MySpace China

August 31, 2007

Not quite search marketing, but foreign money is still inflating the Chinese market.  Massive advertising company WPP has bought into MySpace China.  Rupert Murdoch’s News Corp allowed this site to develop almost from scratch.


Google Bleed Cash in bid to catch up with Baidu

August 16, 2007

Google are going to go into China with cheque book open, and buying a couple of unannounced companies.  (Thanks to the Multilingual search blog for pointing this out).


Chinese internet advertising up 32% year on year

August 15, 2007

Analysys International claim that the Chinese internet advertising market is still growing at a breakneck speed.  (The figures that are quoted seem to be typos.


China’s industrial revolution

August 3, 2007

What is hyper-speed growth?  Seeking Alpha thinks it knows.

 The most important part of China’s growth is that it is not just fast but that it is not new.  China at the moment is simply copying Western success – just being ruthlessly efficient efficient about it.  Depopulating the countryside, rewarding capital and all the other stages of the early industrial revolution.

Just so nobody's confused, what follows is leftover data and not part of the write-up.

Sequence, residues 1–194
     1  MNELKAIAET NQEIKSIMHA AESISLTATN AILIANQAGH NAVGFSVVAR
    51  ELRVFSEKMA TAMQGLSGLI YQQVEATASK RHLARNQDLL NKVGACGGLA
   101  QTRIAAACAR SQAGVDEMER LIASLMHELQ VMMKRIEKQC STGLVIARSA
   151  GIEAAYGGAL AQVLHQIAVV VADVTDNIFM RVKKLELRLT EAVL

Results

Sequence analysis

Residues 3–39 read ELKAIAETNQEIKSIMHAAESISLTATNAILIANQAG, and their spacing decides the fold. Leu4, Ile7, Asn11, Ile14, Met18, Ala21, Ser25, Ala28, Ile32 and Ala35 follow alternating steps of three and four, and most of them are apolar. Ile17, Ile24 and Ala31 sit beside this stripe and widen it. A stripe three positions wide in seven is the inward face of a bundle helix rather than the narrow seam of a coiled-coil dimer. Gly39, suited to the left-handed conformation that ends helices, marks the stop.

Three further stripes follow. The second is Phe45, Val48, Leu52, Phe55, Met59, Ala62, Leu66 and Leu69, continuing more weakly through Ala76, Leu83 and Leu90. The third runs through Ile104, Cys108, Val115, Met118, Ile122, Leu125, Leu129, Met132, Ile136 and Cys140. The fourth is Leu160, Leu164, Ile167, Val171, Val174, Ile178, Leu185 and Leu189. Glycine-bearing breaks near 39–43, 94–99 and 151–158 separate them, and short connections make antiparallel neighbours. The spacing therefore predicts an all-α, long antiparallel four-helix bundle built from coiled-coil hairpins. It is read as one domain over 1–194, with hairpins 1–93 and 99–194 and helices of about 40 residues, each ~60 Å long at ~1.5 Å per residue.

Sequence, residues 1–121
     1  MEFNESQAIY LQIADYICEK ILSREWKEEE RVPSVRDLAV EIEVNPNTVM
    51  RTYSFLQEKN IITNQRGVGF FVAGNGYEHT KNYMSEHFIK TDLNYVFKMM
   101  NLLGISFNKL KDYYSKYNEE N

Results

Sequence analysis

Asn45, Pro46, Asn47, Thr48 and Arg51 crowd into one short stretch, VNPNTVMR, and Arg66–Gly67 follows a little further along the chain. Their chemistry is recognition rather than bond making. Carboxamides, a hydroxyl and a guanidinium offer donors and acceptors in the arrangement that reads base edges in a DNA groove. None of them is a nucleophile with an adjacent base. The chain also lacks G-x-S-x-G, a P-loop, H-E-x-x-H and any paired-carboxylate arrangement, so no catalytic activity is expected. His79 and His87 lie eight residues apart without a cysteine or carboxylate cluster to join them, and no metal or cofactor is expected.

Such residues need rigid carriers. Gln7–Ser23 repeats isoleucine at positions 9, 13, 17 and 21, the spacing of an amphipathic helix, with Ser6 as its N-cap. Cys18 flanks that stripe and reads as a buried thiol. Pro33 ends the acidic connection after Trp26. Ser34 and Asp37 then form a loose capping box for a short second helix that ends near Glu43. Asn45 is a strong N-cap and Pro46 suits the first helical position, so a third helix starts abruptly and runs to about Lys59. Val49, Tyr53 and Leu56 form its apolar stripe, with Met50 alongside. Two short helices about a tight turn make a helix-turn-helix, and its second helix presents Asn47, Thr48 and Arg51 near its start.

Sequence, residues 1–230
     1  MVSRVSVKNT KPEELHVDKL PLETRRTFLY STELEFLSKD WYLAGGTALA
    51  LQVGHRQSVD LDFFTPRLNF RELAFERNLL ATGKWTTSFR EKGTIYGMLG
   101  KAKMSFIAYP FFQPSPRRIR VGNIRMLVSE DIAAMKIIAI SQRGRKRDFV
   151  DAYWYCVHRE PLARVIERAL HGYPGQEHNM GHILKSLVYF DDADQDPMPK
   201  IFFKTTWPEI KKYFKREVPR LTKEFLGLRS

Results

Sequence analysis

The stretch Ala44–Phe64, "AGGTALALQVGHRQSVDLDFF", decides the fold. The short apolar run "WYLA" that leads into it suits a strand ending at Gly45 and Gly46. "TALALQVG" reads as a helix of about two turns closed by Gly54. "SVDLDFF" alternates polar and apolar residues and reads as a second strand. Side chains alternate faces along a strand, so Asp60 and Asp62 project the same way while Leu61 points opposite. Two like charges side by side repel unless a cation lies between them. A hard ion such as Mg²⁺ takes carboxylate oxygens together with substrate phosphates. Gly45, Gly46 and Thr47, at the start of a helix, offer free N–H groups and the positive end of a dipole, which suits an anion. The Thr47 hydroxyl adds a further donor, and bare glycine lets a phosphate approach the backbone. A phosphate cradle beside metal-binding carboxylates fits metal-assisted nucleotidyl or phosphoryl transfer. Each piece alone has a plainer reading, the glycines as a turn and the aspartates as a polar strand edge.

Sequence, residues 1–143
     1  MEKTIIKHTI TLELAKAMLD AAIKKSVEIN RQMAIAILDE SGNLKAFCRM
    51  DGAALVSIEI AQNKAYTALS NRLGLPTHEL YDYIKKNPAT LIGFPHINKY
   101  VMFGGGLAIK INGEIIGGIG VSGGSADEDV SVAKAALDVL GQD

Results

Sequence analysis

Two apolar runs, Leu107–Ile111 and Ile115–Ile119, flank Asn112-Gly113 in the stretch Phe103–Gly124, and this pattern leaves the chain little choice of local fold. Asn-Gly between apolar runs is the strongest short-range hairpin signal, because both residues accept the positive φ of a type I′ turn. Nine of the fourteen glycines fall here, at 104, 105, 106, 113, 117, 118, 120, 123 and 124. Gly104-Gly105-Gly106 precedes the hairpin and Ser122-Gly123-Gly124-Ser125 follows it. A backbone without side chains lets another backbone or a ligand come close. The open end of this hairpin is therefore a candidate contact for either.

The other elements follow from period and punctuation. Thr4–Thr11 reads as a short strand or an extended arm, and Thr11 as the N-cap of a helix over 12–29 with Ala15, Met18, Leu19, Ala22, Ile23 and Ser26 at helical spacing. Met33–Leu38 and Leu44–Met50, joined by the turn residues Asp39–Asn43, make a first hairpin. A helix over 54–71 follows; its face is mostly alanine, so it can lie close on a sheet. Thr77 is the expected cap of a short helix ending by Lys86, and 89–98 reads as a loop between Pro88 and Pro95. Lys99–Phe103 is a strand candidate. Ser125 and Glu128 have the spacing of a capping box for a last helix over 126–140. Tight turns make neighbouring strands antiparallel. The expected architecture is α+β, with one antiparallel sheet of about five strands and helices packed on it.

Always remember that about China, its just doing what fifty countries have done before – just on a bigger scale and a little bit faster.  It’s when China starts acting differently then the bets are off


On the Radio

August 1, 2007

 Webmaster radio has put up its interview with James Spencer of ChinaSearchAds.com.


Six Mistakes for your Chinese Website

July 28, 2007

The China SEO blog lists six mistakes for Chinese websites.  In short:

  • Building a flash website
  • Going cheap for web design, hosting or promotion
  • Inexistent or incomplete Chinese translation of your site
  • Hosting Overseas
  • Not registering with the Chinese government
  • Over-relying on Pay-Per-Click to advertise your site

Starbucks and China: The forgotten dimension

July 21, 2007

The case about Starbucks leaving the forbidden city has been portrayed as a case of Chinese cultural chauvinism or pride (although why there are so many Starbucks in China is not explained). 

What is important is that a petition of 500,000 was started on the internet against a government policy. 

There’s  a similar story about a cat rescue co-ordinated over the internet, citizen activism is a real story in at least some parts of China.  This may be a sign of greater freedom, or it may be seen as a threat to the regime.

Although the internet is by no means as free as in the West, it is still free in comparison to what people imagine the Chinese internet to be.